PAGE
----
Centre turns for a massive crackdown on black money in gold; Clarifies the rumours
New Delhi, Dec 1: Indians are known for their obsession towards gold and it has been the staple investment in both rural and urban India.
Investments in the stock markets are reportedly done by a miniscule section of the Indian population—4 to 5 percent whereas gold is the favored investment irrespective of the class divide. It is a great leveler in that sense.
Hence, there is no doubt that we Indians would head to the jewellery shops as the gold prices have dipped to a six month low.
However, the same gold beckons as much the crooked heads as it does to the honest. Reports suggest that the bulk black money has been invested in the yellow metal apart in the real estate sector.
After attacking the black money hoarders in the form of currency in the form of demonetisation, the centre is expected to turn their guns towards gold. However, the such step has already started creating a panic after rumours have been circulated.
Now, this has prompted the finance ministry to come up with a proper clarification.
The finance ministry has said that there will be no seizure of gold jewellery to the extent of 500 gms per married lady and 250 gms per unmarried lady and 100 gms per male.
Also, jewellery/gold legally inherited and acquired out of explained sources, is also not chargeable to tax, the finance ministry says. Jewellery/gold purchased out of disclosed income or exempted income or reasonable household savings not chargeable to tax.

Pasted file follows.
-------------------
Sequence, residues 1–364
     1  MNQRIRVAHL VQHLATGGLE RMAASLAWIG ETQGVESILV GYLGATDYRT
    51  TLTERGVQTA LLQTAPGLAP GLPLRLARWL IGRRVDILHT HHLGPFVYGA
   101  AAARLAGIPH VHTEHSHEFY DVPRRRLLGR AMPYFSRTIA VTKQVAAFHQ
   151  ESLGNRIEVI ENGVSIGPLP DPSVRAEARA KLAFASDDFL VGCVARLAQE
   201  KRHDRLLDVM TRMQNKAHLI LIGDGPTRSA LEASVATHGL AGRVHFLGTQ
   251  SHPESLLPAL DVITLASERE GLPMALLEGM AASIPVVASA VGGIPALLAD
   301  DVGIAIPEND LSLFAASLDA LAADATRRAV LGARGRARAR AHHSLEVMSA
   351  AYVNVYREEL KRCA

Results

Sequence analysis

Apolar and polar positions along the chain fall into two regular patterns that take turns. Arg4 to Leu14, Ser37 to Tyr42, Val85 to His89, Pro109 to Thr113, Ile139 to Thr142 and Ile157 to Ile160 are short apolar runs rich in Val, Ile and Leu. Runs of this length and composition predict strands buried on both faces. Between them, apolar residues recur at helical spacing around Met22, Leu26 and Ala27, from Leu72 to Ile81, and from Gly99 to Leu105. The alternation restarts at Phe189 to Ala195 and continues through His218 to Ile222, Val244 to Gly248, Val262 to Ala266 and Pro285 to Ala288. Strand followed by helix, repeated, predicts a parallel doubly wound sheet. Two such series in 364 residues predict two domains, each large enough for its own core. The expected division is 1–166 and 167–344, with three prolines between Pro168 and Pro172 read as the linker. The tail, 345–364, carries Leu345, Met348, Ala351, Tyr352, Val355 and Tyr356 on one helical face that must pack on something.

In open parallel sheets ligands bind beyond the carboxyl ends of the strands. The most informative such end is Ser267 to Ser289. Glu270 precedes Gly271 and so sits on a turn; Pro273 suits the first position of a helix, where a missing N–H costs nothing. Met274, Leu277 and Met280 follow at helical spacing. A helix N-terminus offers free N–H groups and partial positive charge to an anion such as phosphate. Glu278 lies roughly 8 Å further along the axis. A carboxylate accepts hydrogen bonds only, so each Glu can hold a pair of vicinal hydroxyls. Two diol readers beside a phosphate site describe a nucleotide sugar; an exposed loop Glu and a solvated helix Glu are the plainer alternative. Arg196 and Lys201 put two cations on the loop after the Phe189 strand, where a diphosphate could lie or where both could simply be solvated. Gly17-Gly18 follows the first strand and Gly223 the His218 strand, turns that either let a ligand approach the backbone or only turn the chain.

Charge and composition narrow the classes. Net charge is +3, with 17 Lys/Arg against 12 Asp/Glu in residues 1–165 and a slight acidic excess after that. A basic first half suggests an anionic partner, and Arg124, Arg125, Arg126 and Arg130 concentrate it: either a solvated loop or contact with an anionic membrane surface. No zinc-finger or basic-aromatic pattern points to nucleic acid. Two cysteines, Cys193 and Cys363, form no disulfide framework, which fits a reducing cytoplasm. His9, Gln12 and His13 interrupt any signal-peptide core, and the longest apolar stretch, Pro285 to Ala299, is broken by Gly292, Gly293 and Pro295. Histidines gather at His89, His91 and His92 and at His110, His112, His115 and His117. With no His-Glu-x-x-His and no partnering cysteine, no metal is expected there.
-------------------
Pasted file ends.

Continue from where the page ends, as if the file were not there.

The government clarifies that the apprehension sought to be created that the jewellery with the household which is acquired-out of disclosed sources or exempted income shall become taxable under the proposed Taxation Laws (Second Amendment) Bill, 2016, is totally unfounded and baseless.
In the wake of Taxation Laws (Second Amendment) Bill, 2016 which has been passed by the Lok Sabha and is under consideration with Rajya Sabha, some rumours have been making rounds that all gold jewellery including ancestral jewellery shall be taxed @75% plus cess with a further penalty liability of 10% of tax payable.
“Further, legitimate holding of jewellery up to any extent is fully protected,” it added.
The Bill, which is currently under consideration of the Rajya Sabha, will amend Section 115BBE of the Income Tax Act to provide for a steep 60 per cent tax and a 25 per cent surcharge on it (total 75 per cent) for black money holders.
Another section inserted provides for an additional 10 per cent penalty on being established that the undeclared wealth is unaccounted or black money, taking the total incidence of levies to 85 per cent.
CBDT said: “Tax rate under section 115BBE is proposed to be increased only for unexplained income as there were reports that the tax evaders are trying to include their undisclosed income in the return of income as business income or income from other sources.
“The provisions of section 115BBE apply mainly in those cases where assets or cash etc. are sought to be declared as ‘unexplained cash or asset’ or where it is hidden as unsubstantiated business income, and the Assessing Officer detects it as such.”